NAVE: A Low Cost Spatially Immersive Display System (1998-2000)

From January through April 1999 I worked with Dr. Larry Hodges, Dr. Julian Flores, Carlos Jensen, Jeff Wilson, and Dave Gotz in building and designing the NAVE spatially immersive display system.  In the tradition of the original CAVE display, the name NAVE is a recursive acronym which stands for NAVE Automatic Virtual Environment.  The name also has an architectural context, a nave is the main central part of a cruciform church building, designed to focus a person’s attention both upward and into the structure.  NAVE can also be an acronym that summarizes its primary objective (Non-expensive Automatic Virtual Environment).

As demonstrated by the popularity of the CAVE and the Virtual Workbench products, there was a great amount of interest in projected stereoscopic environments as an alternative to head-mounted displays.  One of the primary obstacles to their widespread use was cost.

The development goal of the NAVE project was to create a low-cost, PC-driven, multi-screen, multi-user, stereoscopic, multi-sensory virtual environment that preserves many of the desirable elements of the original CAVE environment but that could be built at a fraction of the cost of a CAVE.  The first NAVE system was built at a total hardware cost of approximately $60,000 USD (1999), including projectors, screens, audio, computers, and structural materials.

The NAVE design is a three screen environment. Each screen is eight feet wide by six feet in height. The two side screens are positioned at 120 degree angles to the main central screen to give a three-sided display area that is sixteen feet wide and approximately seven feet deep. In the first system. imagery for each screen was generated on a 500 MHz PC with a NVIDIA TNT 3D  graphics card and rear projected in stereo.  A fourth PC was used to coordinate the three screens and to provide audio output.  The user experienced the NAVE while seated in a Thunderseat audio tactile chair wearing passive stereo glasses.  Software support for the NAVE was based on the Simple Virtual Environments (SVE) Toolkit.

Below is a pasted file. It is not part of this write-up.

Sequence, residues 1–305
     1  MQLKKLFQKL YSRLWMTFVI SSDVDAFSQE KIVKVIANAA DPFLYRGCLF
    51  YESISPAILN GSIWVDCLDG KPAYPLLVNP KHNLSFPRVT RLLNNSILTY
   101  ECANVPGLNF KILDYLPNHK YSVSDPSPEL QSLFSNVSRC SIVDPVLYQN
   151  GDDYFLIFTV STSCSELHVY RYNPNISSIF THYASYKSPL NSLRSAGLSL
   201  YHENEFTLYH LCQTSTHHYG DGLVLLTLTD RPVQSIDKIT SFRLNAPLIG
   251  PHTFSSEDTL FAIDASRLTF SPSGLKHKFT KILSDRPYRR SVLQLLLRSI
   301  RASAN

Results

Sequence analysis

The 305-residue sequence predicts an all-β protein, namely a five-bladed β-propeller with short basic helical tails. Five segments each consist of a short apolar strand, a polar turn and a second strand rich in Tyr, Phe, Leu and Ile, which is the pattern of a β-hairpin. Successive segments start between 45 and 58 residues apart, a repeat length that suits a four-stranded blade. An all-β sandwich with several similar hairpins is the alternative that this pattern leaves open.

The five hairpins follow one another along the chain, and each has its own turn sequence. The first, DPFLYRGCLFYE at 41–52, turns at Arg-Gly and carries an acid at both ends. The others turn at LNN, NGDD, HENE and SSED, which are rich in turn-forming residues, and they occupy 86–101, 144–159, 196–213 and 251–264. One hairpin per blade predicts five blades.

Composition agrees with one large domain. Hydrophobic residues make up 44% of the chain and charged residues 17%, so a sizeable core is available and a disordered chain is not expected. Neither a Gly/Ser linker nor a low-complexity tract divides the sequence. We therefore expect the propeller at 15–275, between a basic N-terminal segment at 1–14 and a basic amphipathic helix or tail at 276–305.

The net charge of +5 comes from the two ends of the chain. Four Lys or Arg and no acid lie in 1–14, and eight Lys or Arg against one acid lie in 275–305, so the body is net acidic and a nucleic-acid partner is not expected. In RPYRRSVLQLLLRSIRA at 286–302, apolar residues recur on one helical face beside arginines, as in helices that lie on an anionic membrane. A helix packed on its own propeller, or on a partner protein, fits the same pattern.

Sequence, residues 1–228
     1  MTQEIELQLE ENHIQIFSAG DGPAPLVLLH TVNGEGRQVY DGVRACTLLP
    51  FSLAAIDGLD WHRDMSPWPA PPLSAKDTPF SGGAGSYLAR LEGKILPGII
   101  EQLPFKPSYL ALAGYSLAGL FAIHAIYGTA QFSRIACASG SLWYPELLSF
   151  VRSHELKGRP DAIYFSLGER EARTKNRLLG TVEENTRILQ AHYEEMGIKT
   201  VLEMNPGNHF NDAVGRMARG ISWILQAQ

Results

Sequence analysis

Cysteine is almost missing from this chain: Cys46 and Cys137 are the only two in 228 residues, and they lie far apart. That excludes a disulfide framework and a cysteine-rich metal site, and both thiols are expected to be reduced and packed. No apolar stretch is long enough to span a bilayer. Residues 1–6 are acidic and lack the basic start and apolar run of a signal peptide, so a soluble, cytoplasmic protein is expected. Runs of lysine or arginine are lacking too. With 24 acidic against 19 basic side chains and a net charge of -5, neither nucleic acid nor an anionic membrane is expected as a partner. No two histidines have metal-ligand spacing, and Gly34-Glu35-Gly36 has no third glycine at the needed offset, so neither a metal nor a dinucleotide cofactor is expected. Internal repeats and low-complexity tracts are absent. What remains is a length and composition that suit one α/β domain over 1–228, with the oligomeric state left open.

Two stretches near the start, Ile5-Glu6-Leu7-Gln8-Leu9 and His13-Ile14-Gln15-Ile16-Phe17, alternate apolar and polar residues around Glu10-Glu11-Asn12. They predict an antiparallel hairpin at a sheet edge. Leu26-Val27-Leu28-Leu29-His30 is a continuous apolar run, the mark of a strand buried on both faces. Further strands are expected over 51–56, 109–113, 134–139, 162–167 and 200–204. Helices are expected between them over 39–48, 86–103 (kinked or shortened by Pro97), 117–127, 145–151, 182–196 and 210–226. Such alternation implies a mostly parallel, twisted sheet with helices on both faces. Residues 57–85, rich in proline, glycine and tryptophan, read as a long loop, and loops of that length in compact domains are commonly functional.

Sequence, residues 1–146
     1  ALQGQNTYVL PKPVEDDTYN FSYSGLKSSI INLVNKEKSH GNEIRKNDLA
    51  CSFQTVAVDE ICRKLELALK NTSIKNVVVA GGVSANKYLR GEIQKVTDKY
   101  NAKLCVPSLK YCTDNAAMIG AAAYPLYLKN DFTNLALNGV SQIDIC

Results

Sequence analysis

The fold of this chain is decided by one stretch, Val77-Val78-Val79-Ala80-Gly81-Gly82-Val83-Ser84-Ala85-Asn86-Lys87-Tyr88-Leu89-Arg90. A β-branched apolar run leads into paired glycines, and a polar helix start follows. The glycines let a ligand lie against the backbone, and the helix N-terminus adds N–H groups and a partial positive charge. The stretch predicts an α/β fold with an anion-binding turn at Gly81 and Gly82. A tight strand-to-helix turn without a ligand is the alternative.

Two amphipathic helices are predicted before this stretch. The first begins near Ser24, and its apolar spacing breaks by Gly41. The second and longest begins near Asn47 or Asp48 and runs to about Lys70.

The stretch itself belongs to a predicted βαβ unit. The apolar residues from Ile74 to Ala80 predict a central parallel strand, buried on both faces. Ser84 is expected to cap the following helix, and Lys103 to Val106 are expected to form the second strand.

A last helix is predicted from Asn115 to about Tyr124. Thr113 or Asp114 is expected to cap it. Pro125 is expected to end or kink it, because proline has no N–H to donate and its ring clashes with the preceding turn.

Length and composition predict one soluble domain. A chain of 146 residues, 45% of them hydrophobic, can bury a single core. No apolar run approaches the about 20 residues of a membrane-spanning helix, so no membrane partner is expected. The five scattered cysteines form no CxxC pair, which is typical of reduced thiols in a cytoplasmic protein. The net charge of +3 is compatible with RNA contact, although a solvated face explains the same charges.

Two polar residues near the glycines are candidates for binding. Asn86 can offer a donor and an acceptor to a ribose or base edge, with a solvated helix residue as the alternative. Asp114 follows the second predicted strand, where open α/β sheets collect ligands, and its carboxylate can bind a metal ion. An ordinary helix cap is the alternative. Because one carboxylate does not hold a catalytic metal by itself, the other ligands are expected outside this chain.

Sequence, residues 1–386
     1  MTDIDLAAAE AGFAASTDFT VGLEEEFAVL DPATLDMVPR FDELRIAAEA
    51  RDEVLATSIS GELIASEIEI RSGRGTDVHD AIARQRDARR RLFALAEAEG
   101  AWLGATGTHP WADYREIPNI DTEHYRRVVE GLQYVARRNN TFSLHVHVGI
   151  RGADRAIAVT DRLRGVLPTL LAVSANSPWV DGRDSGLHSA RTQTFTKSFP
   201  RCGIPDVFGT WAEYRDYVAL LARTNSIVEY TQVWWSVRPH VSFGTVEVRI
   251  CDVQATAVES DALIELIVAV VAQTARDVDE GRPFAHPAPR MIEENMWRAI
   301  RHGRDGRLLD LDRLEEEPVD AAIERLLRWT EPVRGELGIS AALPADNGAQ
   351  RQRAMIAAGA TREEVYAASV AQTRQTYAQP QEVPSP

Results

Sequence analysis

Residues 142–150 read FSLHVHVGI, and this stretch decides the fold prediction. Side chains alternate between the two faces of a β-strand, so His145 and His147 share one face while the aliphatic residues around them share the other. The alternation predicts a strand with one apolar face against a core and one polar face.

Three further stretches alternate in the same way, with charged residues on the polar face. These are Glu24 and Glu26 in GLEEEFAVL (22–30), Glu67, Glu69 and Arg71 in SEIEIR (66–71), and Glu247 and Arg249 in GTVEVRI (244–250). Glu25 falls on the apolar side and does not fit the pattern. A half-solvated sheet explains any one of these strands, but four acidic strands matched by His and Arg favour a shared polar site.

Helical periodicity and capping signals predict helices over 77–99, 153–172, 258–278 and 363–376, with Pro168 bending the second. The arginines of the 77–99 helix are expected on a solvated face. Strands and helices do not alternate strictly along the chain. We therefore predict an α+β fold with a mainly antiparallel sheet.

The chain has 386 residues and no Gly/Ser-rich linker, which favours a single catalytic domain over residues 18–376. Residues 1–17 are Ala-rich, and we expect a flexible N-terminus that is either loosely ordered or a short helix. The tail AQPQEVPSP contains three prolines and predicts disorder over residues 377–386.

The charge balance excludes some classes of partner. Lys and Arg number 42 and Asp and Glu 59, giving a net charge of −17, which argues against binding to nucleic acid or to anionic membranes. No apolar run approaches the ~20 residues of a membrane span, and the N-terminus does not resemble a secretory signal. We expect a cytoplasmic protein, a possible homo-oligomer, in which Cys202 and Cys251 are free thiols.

The inaugural project for the NAVE was Santiago 2000, a collaborative effort between Georgia Tech’s Virtual Environments Group and the Technological Research Institute of the University of Santiago de Compostela.  During the late spring and summer of 1999, I worked in Spain assisting a group developing software and hardware for a NAVE system  to demonstrate the Santiago 2000 virtual city during the Xacobeo 1999 celebrations and events related to Santiago´s selection as one of the European Union´s nine cultural capitals for the year 2000.

This project was presented as a technical sketch at the 2000 ACM SIGGRAPH Conference.

Pair, Jarrell, Carlos Jensen, Julian Flores, Jeff Wilson, Larry Hodges, and Dave Gotz. “The NAVE: Design and Implementation of a Non-Expensive Immersive Virtual Environment.” Technical sketch in SIGGRAPH 2000 Conference Abstracts and Applications, ACM Press, August 2000, pp 238. Download PDF

NAVE Immersive Display Demonstration Video

Additional NAVE Systems

Since 1999, A number of other groups including the two below have used the NAVE design to implement cost effective immersive display systems.

NAVE Immersive Display Design Resources